Alumni Spotlight- Cody Kelly
Cody Kelly (TAMU 2006) is an aerospace engineer who specializes in search and rescue and water survival device design at NASA. When he’s not working, he spends his personal time training as a first responder and hopes to soon join the Texas Task Force 1, the most active urban search and rescue team in the country, through the Texas A&M Engineering Extension Service. In 2016, Cody was awarded the NASA Early Career Achievement Medal for his efforts on search and rescue research as a member of the Orion Crew Survival Engineering team, a collaborative project between the Department of Defense and NASA.
Time as a Terry
Without the Terry Scholarship, I wouldn’t have been able to go to college- at all. I grew up in a rural town, didn’t have very much money; the Terry Scholarship gave me the opportunity to get a college education, so for that, I’m eternally grateful. The biggest thing for me is also the Terry Family. There’s a lot of bonding and kinship that comes along with being a Terry Scholar. A lot of my really good friends were Terry’s, and I’ll always remember the big picnic at the end of the year. That was always the defining moment of your semester because it’s right before finals, and it was a chance to go be a part of that larger family and see what’s going on with the Foundation and other schools. That to me is one of the really defining moments of my experience as a Terry Scholar.
Another thing was seeing Mr. and Mrs. Terry while they were still with us. Mr. Terry was actually in my interview when I was a high school senior, so there was a lot of emotion and gratitude that came with that. Again, just financial support, and how the Foundation would always look out for the Scholars. That’s what really stands out and continues to stand out. Both of them [Mr. and Mrs. Terry] were on my interview panel back in 2006. I was nervous. I was 18 years old. It’s really that family that came along with being a Terry Scholar. It’s kind of cool and a very unique thing to get a Terry Scholarship. It’s one of those few opportunities out there that pay for all of your college. Once you’ve met a Terry, you’ve met family for life.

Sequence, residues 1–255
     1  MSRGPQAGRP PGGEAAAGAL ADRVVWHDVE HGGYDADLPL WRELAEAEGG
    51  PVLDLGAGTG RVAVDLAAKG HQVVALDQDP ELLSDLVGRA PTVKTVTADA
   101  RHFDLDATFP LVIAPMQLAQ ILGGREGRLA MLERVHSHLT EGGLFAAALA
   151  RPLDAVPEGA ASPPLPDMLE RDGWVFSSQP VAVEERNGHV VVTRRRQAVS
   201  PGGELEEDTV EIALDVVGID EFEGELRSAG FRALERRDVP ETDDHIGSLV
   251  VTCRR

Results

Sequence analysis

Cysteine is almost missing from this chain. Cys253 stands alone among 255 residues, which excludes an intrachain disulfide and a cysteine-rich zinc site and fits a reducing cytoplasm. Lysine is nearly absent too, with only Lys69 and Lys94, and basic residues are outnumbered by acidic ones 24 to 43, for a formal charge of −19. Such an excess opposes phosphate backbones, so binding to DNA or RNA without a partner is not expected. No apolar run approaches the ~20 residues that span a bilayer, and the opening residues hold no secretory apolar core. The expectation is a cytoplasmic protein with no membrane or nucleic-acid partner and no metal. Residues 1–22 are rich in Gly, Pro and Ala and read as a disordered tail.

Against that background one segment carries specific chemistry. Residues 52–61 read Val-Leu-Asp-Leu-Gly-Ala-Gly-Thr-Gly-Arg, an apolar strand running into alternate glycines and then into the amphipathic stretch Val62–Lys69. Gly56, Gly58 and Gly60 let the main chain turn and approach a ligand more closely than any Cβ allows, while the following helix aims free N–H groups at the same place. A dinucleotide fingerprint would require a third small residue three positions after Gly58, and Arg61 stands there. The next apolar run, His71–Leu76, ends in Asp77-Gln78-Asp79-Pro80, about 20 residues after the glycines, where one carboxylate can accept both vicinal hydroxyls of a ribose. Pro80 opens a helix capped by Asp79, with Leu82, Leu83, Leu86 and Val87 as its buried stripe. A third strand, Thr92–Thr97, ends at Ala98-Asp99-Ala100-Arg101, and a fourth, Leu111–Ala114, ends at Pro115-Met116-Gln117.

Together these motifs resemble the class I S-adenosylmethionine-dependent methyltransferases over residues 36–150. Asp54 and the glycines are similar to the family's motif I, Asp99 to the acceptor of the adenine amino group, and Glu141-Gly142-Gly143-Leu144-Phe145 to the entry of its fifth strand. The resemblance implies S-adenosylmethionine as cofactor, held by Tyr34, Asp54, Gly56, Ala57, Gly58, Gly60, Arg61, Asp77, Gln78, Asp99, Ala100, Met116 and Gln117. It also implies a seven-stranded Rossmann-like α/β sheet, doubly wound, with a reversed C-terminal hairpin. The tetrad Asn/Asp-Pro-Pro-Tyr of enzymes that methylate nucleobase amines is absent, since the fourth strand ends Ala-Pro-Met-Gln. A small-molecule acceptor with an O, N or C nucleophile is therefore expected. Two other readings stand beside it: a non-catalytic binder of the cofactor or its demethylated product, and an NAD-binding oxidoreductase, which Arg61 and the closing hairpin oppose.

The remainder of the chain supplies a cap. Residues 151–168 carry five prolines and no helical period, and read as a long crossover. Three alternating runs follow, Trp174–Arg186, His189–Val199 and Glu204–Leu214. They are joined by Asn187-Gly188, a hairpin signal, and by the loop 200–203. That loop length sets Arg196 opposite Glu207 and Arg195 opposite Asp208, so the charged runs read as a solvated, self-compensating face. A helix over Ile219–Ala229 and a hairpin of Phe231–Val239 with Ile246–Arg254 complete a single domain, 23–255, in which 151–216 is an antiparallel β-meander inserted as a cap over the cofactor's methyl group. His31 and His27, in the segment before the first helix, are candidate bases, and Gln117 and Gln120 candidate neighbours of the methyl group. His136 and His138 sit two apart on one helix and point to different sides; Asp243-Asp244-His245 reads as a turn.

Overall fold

Favorite Memories. Well there’s two. One was more esoteric, higher level. One was the fact that I knew I was going to be able to go to college. When I got that Terry letter, that for me was one of the biggest moments of my life. I knew I was going to be able to be the first person in my family to get a college education. That to me was the defining moment of my senior year of high school and top defining moments of my life. I would not have been able to go to college without it. That’s one of those memories- getting the scholarship. I think the other defining moment probably was my senior Terry Picnic. All these people that I’ve been friends with for four or five years are now getting ready to graduate and knowing our college journey is ending, but that family aspect is going to be there forever. I still talk to my Terry friends all the time.
Road to NASA
I’m kind of like a big nerd. This was one of my goals since I was probably four or five. I actually remember talking about it in my Terry interview- about the reason why I went to A&M, the reason why I chose aerospace engineering, so that I eventually could work down here in Houston at NASA. I grew up in rural, small-town Texas, and I just always wanted to work in the space industry in human space flight. I was very fortunate.
I would go to school for a semester or two semesters then I’d go work at NASA for a semester- on and off. The Terry Scholarship allowed me to do that. They held the scholarship while I was working which obviously ended up working out well for myself. While in undergrad, I primarily worked with space suit design and search and rescue, a lot like I do now. I worked in mission control in the summer of 2009. I did a lot of lunar/ moon geology tool development. I did a lot of different things, a wide variety of projects, but most of it was all focused on space suits and search and rescue. It kind of laid the foundation and the groundwork for what I do now.